Making Lifestyle Changes Can Diminish Back Pain

  • Dec 28 2016

Most of us are well aware that making healthy lifestyle choices can help to protect us from heart disease and cancer and can improve our moods and energy levels. Many individuals are unaware, however, that specific symptoms, like low back pain, can be affected by a series of lifestyle changes.  The truth is that by making some positive changes in habits and behaviors, we may impact the likelihood of developing back pain, the severity of the pain itself, and the length of time it takes us to recover from an episode of acute discomfort.

By consulting with a highly competent physiatrist, a doctor who specializes in rehabilitative care and alternative medicine, we can ensure ourselves of the most effective, least invasive, treatment back pain that may be interfering with our quality of life.

How Our Habits May Make Back Pain Better or Worse

While severe or ongoing back pain will certainly warrant medical diagnosis and treatment, it is important to be mindful of the aspects of our behavior that may help or hinder our level of comfort. Following is a list of some of the ways we may be exacerbating our back pain and, by the same token, some of the ways we may be help to assist in our own healing.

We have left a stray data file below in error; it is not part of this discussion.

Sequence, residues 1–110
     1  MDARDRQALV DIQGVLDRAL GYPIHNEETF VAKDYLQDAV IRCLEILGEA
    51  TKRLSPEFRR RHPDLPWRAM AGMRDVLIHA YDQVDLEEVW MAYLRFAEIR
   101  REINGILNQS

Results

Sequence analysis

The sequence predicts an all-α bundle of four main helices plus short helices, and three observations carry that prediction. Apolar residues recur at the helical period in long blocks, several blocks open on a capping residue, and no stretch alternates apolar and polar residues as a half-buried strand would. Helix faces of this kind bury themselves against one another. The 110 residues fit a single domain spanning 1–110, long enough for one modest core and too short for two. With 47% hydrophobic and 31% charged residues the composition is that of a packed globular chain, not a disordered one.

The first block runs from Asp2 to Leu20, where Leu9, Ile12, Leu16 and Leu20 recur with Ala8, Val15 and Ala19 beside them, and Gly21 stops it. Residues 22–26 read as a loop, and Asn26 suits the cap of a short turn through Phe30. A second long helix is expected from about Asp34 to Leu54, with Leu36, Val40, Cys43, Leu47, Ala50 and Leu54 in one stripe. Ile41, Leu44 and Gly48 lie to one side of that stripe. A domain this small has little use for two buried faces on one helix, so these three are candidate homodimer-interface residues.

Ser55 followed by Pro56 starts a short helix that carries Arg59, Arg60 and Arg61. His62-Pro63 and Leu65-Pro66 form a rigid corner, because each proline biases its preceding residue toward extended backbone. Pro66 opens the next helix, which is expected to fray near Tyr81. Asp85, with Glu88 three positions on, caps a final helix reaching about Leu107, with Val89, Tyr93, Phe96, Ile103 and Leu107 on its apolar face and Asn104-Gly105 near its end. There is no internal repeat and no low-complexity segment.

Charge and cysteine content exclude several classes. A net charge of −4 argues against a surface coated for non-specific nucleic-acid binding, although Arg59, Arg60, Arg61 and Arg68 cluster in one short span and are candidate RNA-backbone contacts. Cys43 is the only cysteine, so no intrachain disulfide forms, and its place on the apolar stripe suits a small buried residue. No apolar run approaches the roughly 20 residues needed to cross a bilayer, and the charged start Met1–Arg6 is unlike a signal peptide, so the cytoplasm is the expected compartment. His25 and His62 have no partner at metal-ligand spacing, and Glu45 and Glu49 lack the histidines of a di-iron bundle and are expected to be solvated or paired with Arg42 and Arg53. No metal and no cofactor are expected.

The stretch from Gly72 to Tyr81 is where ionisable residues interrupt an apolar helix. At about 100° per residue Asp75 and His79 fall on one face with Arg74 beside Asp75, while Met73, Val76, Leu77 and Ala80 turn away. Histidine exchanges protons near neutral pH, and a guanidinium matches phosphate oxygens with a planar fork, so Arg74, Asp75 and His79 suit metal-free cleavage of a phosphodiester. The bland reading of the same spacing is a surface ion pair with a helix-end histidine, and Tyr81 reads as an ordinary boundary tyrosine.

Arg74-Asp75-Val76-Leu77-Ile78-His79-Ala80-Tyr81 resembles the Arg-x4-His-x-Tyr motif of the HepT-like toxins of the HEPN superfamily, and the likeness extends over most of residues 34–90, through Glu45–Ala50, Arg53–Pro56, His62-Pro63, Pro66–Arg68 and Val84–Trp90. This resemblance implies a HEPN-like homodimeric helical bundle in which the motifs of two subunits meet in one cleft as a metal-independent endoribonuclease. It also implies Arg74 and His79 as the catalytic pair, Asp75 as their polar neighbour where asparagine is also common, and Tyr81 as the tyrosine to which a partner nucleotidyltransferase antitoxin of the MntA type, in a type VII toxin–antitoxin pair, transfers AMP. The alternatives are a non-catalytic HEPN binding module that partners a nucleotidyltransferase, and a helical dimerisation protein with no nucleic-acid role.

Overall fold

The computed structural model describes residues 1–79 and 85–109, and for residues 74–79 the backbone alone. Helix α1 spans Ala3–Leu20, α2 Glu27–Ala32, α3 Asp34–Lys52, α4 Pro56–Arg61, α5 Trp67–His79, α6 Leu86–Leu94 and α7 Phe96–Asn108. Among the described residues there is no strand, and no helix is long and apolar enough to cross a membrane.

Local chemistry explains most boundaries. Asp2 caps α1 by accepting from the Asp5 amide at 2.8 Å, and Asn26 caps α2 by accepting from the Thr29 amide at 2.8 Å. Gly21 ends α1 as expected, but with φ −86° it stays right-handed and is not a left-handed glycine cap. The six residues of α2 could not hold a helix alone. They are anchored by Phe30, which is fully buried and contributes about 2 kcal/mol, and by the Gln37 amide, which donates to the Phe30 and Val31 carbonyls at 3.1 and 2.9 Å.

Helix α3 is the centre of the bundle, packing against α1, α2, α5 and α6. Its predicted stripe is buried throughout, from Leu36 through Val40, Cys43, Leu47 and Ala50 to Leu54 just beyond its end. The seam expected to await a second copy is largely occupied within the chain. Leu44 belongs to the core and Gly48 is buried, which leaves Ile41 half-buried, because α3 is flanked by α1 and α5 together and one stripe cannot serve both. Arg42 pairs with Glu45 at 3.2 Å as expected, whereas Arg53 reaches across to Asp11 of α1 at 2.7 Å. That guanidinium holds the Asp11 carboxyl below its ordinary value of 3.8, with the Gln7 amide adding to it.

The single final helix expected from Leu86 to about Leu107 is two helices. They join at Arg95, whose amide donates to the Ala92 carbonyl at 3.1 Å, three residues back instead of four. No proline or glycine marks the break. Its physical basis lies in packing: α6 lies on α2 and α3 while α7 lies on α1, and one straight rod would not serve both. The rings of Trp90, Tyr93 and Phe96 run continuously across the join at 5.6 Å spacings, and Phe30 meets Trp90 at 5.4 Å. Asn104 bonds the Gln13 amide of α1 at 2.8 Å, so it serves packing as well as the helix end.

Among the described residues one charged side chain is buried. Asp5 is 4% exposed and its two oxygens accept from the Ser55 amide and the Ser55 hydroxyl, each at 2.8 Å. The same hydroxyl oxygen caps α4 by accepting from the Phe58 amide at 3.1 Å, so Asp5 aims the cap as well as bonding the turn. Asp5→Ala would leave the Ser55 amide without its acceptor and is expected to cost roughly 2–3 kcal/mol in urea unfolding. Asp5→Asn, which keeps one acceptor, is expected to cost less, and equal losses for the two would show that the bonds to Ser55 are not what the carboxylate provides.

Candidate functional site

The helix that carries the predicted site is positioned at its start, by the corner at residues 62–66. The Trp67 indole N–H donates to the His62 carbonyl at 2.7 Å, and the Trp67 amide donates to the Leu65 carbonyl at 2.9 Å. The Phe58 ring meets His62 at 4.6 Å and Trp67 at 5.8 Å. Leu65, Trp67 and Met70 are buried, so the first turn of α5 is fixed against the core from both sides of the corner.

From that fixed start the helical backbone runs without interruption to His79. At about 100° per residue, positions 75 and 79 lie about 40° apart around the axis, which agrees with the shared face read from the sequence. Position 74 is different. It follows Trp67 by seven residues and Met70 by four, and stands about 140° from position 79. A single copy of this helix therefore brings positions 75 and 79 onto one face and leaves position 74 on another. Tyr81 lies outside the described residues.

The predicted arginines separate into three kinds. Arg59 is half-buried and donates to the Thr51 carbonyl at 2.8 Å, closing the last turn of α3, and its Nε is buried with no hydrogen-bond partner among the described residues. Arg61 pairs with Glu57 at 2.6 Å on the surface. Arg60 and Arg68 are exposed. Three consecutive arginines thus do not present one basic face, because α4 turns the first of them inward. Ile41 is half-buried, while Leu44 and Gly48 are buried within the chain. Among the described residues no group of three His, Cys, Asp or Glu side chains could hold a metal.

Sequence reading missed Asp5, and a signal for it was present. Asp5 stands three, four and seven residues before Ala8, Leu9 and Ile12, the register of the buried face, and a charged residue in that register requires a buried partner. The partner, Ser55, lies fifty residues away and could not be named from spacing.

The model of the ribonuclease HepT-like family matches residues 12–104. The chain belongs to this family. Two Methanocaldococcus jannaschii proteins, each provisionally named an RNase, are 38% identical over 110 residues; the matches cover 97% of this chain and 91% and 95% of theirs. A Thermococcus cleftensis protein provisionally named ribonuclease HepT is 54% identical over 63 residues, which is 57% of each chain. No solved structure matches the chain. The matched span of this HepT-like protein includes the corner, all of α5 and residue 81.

Getting Enough Sleep Is Vital

Statistics support the belief that having just the right amount of sleep is a way of promoting good health in general and avoiding back pain in particular. It has been verified that individuals who get fewer than 6, or more than 9, hours of sleep nightly experience more back pain than those who fall into the moderate range.

Eating a Healthy Diet Contributes to Good Health and a Sense of Well-Being

Not only is it essential that we eat a balanced diet of mostly fresh food to keep our bodies functioning at an optimal level, eating well makes us feel much better. Junk foods, heavy in fats, sugar, and salt, promote inflammation which increases pain levels. The more fresh fruits, vegetables, low-fat protein and whole grains we digest, the more likely we are to feel energetic and content.

Moving Helps to Keep Us Stronger, More Flexible and More Comfortable

Everyone should engage in some form of exercise. Brisk walking is a good place to start, particularly if your back pain keeps you from engaging in more complex, strenuous exercise.

Keeping Calm Helps to Lower Pain Levels

Just as stress amplifies pain, relaxation lessens it. This is why yoga and other forms of gentle motion combined with meditation can be especially useful for patients with chronic back pain.

Smoking

While the bad effects of smoking on parts of the body — lungs, cardiovascular system, mouth, throat, larynx, and esophagus — are well-known, few people are aware that smokers are three times more likely to develop back pain than non-smokers. For those of us who need another reason to finally quit, this bit of information may do the job.

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